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Exp Cell Res. 2001 Nov 1;270(2):277-88.

A multistep model for paclitaxel-induced apoptosis in human breast cancer cell lines.

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Department of Molecular Pharmacology and Experimental Therapeutics, Mayo Clinic, Rochester, Minnesota 55905, USA.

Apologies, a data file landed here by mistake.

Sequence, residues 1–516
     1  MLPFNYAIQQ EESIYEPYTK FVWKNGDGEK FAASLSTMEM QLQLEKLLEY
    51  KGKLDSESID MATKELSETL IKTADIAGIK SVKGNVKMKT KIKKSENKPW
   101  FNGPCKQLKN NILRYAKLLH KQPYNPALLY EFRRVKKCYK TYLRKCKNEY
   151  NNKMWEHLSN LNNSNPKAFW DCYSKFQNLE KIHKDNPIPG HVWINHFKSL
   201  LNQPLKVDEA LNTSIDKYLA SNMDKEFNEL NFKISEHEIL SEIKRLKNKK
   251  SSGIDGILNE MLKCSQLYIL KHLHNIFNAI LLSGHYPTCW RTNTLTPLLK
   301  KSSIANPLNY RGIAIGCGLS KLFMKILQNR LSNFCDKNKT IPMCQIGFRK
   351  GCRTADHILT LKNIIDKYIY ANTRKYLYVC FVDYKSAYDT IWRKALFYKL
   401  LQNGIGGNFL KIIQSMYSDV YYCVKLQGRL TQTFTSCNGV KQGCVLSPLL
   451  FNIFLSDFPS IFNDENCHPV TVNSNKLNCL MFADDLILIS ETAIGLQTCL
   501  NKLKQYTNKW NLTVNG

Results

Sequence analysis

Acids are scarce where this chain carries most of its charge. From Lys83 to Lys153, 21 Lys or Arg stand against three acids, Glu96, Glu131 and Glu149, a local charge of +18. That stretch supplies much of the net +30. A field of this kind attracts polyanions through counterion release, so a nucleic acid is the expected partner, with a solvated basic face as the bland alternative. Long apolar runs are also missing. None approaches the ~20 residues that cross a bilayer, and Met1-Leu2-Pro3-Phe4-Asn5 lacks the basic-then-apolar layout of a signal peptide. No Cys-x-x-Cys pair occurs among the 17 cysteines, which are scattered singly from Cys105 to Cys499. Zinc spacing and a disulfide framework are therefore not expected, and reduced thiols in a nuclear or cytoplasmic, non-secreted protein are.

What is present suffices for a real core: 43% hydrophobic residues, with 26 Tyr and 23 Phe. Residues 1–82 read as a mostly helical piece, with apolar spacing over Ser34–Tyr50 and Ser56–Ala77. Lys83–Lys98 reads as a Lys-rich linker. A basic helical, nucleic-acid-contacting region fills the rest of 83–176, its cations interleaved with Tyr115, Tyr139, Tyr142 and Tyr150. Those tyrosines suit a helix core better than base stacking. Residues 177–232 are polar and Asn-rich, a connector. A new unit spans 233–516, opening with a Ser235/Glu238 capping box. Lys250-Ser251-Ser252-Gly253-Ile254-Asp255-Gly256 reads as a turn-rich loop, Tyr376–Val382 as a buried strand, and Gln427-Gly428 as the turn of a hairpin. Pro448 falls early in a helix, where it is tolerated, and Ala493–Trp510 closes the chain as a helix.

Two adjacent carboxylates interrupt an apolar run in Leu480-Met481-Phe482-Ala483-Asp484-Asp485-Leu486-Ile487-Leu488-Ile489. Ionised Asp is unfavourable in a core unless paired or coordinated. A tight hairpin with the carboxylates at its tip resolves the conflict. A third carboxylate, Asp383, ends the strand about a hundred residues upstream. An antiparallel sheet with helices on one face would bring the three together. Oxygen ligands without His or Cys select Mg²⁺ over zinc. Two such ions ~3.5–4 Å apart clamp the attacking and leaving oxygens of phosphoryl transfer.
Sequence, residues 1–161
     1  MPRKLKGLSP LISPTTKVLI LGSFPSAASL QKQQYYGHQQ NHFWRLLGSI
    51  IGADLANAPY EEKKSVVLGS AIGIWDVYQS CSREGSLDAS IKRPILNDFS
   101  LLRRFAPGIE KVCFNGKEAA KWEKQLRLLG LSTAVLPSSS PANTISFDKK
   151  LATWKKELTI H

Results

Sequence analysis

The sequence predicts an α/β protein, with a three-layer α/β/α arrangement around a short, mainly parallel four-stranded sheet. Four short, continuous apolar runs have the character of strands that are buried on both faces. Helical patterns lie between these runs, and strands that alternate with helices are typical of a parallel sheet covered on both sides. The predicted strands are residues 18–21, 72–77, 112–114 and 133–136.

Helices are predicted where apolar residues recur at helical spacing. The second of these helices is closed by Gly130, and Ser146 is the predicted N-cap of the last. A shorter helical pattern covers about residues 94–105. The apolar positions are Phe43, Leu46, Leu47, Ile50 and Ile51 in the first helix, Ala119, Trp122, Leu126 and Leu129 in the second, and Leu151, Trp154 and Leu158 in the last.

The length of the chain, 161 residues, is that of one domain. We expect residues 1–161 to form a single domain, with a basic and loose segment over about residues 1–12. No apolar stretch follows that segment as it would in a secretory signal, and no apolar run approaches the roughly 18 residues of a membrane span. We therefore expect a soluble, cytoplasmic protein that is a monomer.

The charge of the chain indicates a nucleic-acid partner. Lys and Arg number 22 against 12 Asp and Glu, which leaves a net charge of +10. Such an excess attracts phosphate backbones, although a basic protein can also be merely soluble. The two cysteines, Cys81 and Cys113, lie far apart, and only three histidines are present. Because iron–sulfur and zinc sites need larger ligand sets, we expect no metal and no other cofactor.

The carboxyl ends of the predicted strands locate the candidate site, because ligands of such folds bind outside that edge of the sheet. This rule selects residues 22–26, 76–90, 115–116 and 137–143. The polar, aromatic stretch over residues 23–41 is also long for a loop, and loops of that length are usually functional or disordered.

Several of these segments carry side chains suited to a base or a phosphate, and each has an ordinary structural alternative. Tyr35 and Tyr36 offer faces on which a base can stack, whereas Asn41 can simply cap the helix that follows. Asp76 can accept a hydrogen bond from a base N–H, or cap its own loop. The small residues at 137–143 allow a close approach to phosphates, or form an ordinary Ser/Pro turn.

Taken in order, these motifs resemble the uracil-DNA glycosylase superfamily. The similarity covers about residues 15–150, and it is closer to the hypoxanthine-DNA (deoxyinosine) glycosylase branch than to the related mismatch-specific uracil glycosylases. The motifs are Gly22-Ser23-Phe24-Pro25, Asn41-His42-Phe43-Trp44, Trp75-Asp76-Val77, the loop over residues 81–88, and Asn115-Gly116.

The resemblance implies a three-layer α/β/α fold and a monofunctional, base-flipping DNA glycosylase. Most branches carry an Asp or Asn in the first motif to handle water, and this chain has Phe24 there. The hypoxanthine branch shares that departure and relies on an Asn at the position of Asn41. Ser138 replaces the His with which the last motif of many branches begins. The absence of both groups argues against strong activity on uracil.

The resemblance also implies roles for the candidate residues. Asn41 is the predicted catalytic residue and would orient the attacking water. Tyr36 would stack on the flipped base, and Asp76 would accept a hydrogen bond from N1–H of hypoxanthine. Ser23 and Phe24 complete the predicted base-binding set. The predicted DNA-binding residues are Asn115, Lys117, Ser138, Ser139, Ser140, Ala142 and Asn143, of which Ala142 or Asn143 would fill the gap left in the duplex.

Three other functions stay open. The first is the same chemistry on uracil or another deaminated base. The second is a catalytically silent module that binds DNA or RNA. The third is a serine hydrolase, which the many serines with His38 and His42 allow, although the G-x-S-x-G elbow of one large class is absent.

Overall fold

Despite extensive previous investigation, the events occurring between paclitaxel-induced mitotic arrest and the subsequent onset of apoptosis remain incompletely understood. In the present study, the sequential morphological and biochemical changes that occur after paclitaxel treatment were examined in MDA-MB-468 (p53 mutant) and MCF-7 (p53 wild-type) breast cancer cells. Flow cytometry indicated that paclitaxel induces tetraploidy that persists until the onset of apoptosis in both cell lines. Light and electron microscopy indicated that the cells transiently arrest in mitosis and then enter a multinucleated interphase state characterized by the absence of punctate staining for CENP-F, a G(2) marker, but the presence of cyclin E, a G(1) cyclin, and p21(waf1/cip1), a cyclin-dependent kinase inhibitor. Despite high p21(waf1/cip1) levels, paclitaxel-treated cells incorporated thymidine into DNA. Aphidicolin inhibited this DNA synthesis but not the subsequent onset of apoptosis. Conversely, the broad-spectrum caspase inhibitor benzyloxycarbonyl-val-ala-asp(OMe)-fluoromethylketone inhibited apoptosis and enhanced the number of multinucleated cells but did not facilitate generation of octaploid cells. These results are consistent with a multistep model in which breast cancer cells exposed to paclitaxel undergo an aberrant mitotic exit; proceed through a tetraploid, multinucleated G(1) state; initiate an aphidicolin-suppressible process of DNA repair; and subsequently undergo apoptosis.

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